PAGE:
— Results

Judge Hobgood issues written order declaring tenure repeal unconstitutional

Yesterday, Judge Hobgood issued an order putting into effect his prior ruling enjoining the repeal of teacher tenure in North Carolina.  The ruling rolls back the General Assembly’s attempt to retroactively eliminate public school teachers’ employment protections.   It also relieves school districts of the obligation to offer 25% of their teachers a small raise if they willingly abandon their employment protections.

In the course of litigation, the plaintiffs, represented by Patterson Harkavy attorneys Burton Craige and Narendra Ghosh, produced ample evidence demonstrating that eliminating career status makes it harder for schools to attract and retain quality teachers.  In contrast, the state was unable to produce any evidence demonstrating that career status actually prevented school districts from eliminating ineffective teachers.

Judge Hobgood ultimately determined that the repeal of career status impairs teachers’ contractual rights.  He also found that it “does not further any public purpose because the undisputed facts demonstrate that, under the Career Status Law, school administrators already have the ability to dismiss career status teachers for inadequate performance whenever necessary.  Moreover, eliminating career status hurts North Carolina public schools by making it harder for school districts to attract and retain quality teachers.”

Judge Hobgood’s detailed order can be accessed here.

 

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Victory: Tenure repeal declared unconstitutional

At 11 am this morning, Superior Court Judge Robert Hobgood sided with Patterson Harkavy’s attorneys and ruled that legislation stripping teachers of their vested employment rights violated the North Carolina and the United States Constitutions.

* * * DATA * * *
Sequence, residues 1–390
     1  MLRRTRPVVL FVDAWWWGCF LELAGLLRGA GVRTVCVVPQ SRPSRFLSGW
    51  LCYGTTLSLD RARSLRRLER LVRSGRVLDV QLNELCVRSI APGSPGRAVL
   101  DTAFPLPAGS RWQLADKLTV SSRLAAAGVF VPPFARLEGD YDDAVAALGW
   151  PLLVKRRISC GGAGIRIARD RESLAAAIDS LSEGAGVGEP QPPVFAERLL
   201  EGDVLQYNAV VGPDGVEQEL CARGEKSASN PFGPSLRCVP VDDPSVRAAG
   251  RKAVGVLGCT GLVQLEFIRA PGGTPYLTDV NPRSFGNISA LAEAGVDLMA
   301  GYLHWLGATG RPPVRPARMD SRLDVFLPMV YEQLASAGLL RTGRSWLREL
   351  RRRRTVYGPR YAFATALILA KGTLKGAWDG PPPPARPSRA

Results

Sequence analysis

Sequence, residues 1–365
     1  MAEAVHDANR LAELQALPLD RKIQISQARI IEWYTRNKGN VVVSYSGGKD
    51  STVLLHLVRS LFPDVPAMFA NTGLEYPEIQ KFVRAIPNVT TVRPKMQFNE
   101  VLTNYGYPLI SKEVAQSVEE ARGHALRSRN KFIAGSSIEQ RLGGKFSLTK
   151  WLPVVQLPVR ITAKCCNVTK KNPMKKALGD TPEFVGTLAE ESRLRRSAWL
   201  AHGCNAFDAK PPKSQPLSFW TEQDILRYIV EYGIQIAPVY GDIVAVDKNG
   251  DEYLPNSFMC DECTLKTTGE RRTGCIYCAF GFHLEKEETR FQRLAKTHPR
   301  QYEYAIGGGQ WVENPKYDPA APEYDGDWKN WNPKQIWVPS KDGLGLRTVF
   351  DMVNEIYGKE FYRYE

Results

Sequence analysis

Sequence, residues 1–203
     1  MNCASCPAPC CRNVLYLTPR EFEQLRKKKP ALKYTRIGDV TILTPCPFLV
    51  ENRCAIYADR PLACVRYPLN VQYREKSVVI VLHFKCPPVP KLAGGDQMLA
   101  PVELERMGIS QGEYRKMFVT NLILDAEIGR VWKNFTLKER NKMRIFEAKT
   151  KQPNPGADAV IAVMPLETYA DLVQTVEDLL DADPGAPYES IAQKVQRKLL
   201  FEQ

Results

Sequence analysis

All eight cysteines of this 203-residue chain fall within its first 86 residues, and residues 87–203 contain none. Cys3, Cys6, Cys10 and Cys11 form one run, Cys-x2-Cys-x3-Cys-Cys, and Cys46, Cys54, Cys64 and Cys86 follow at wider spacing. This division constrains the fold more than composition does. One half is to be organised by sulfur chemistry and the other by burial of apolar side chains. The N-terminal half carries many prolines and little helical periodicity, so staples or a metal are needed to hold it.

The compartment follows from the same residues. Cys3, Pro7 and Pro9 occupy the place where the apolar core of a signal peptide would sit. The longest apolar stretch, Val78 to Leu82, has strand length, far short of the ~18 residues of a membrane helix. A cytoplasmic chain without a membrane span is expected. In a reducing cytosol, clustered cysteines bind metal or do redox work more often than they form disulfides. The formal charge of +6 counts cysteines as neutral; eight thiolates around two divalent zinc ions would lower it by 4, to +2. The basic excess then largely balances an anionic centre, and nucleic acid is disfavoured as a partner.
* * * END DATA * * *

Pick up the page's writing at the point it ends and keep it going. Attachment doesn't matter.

For over forty years, North Carolina public school teachers have been able to earn “career status” after successful completion of a four-year probationary period and a favorable vote by a teacher’s school board.  A teacher with career status can only be demoted or dismissed for good cause, and has the right to a hearing in which he or she could contest a dismissal or demotion decision.  All of North Carolina’s neighboring states provide teachers a comparable system of basic employment protections.

In 2013, the North Carolina General Assembly passed legislation stripping teachers of these employment protections.  The scheme purported to replace career status with a new system, in which teachers would be employed under one-, two-, or four-year contracts.  When a school board fails to renew an experienced teacher’s contract, the new system would deny that teacher any right to a hearing challenging that decision.

Representing a group of teachers and the North Carolina Association of Educators, Patterson Harkavy’s Burton Craige and Narendra Ghosh filed suit challenging the constitutionality of the 2013 legislation.

Today, Judge Hobgood ruled that this legislation violated the United States Constitution’s Contracts Clause and the North Carolina Constitution’s Law of the Land Clause.  The State failed to produce any evidence indicating that the repeal of career status was necessary to accomplish any public purpose.  In contrast, Patterson Harkavy produced the affidavits of school administrators who consistently discussed how career status was not a barrier to removing bad teachers, but instead helped schools attract and retain good teachers despite their low salaries.